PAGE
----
I hope to be able to keep contributing to this awesome community and will do so as long as I have content. The first thing will be speaking at the vBrownbag sessions at VMworld US 2016!

vExpert-2016-Badge

Login Monitor Script & Check MK

Last night Paul Grevink posted a nice post about the basic setup for Check MK and i am really looking forward to the rest of the series. At my current customer we are also using Check MK so i decided to use the script I made for the VMware Login monitor fling to give output usable for Check MK. At first I was messing with the plugin folder in the check mk folder on the windows server hosting the txt files but a colleague pointed me at the local folder. The big difference is that with the local folder Check MK directly uses the output and the plugin monitor it needs another python file on the check mk server to use the data.

The script:

# This script was created by Wouter Kursten 
# contact: [email protected] or [email protected] or https://www.retouw.nl or @Magneet_NL on twitter
#
# Feel free to grab/copy/alter the script no need to mention me
# But if you create a better / more complete version please send me a mail so I can use that script also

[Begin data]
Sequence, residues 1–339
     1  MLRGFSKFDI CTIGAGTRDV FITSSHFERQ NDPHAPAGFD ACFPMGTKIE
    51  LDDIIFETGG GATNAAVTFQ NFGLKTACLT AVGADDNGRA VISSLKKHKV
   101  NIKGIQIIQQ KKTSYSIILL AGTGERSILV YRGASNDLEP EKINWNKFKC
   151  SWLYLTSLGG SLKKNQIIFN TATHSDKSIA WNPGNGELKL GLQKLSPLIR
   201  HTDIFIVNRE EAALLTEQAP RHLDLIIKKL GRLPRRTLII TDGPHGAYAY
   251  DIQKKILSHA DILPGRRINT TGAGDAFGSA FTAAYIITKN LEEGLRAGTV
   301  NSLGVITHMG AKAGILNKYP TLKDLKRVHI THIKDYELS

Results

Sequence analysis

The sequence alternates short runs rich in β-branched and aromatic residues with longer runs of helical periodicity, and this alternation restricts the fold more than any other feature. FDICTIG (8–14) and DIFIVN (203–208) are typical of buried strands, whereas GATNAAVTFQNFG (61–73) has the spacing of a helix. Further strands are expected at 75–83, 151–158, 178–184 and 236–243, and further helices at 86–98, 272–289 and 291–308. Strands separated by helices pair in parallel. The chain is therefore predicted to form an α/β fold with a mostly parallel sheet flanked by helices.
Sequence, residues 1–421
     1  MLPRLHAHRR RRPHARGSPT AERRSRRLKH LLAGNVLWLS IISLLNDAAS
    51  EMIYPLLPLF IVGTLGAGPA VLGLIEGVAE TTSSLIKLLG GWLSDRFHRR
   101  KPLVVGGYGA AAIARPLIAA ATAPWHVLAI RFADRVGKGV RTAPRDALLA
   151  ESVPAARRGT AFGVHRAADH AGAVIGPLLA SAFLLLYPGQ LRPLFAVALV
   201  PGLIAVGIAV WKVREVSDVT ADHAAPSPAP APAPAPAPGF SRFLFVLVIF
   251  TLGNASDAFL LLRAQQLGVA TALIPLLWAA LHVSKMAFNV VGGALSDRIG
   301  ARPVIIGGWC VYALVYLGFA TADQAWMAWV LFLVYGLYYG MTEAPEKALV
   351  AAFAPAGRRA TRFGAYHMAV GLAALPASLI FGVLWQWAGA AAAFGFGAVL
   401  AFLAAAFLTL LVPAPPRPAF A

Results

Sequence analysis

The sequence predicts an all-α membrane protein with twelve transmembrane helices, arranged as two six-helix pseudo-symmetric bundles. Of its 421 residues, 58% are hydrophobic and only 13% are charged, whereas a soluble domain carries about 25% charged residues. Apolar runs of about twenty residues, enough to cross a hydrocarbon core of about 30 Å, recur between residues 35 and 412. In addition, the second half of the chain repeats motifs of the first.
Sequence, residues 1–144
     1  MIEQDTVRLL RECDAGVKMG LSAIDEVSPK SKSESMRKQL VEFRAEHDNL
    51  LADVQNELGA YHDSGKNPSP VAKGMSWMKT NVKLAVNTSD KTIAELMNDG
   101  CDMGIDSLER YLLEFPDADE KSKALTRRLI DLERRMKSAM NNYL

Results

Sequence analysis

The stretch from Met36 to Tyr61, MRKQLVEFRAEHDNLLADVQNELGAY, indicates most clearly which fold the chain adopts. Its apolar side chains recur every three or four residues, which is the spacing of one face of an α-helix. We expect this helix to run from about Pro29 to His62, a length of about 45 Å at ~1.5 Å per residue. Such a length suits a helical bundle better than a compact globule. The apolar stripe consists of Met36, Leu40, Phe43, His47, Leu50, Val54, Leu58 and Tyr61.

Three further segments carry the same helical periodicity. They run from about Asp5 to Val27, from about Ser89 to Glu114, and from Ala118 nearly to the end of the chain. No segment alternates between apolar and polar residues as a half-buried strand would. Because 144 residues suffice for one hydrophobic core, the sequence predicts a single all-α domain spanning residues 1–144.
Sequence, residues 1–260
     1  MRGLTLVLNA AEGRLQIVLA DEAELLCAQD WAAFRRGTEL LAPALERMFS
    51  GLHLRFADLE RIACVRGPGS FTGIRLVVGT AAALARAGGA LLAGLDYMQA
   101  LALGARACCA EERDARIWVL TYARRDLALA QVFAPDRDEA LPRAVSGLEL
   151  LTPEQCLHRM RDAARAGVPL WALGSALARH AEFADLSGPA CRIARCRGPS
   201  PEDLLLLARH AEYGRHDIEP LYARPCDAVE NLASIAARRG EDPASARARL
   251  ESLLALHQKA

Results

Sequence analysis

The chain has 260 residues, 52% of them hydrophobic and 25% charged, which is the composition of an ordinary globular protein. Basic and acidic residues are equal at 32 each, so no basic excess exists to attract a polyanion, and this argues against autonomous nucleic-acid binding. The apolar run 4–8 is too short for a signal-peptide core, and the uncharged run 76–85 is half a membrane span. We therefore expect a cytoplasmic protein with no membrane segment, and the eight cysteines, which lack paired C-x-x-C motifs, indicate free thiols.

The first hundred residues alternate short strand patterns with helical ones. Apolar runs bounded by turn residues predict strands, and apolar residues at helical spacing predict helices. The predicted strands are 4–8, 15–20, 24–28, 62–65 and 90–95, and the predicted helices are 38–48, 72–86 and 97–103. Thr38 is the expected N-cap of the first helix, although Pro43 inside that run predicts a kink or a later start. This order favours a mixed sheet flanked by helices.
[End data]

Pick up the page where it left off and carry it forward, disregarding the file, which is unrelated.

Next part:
#
# This script is meant to use with the VMware Logon Monitor FLing
# https://labs.vmware.com/flings/vmware-logon-monitor
# This awesome tools actually shows how long it takes to login to your systems
#
# And yes the info block is longer then the script itself
#
# There are only 5 variables you can set
#
# $filefolder for where the Logon Monitor Output files are stored
# $filefilter for when you want to filter what files are being read
# $fileage for how far back in time you want to go
# $warning for the warning value above wich Check MK will give a Warning.
# $critical Gues what, this is the value above wich Check MK will give a critical report.

#Region Variables
$filefolder= "d:\logonmonitor\"
$filefilter="*.txt"
$fileage="5"
$warning="20"
$critical="30"
#endregion

#region Run 

$filelocation="$filefolder"+"$filefilter"
$filelist=get-childitem "$filelocation" | where-object {$_.LastWriteTime -gt (get-date).addminutes(-$fileage)}
$count=($filelist).count
[email protected]()

foreach ($file in $filelist)
	{
	$duration=(get-content $file | select-string -pattern "LogSummary] Logon Time:" | %{$_ -split " "})[6]
	$timing += $duration
	}

$avg= $timing | measure-object -average  
$average = [System.Math]::Round($Avg.average,2)

if ($average -le "$warning")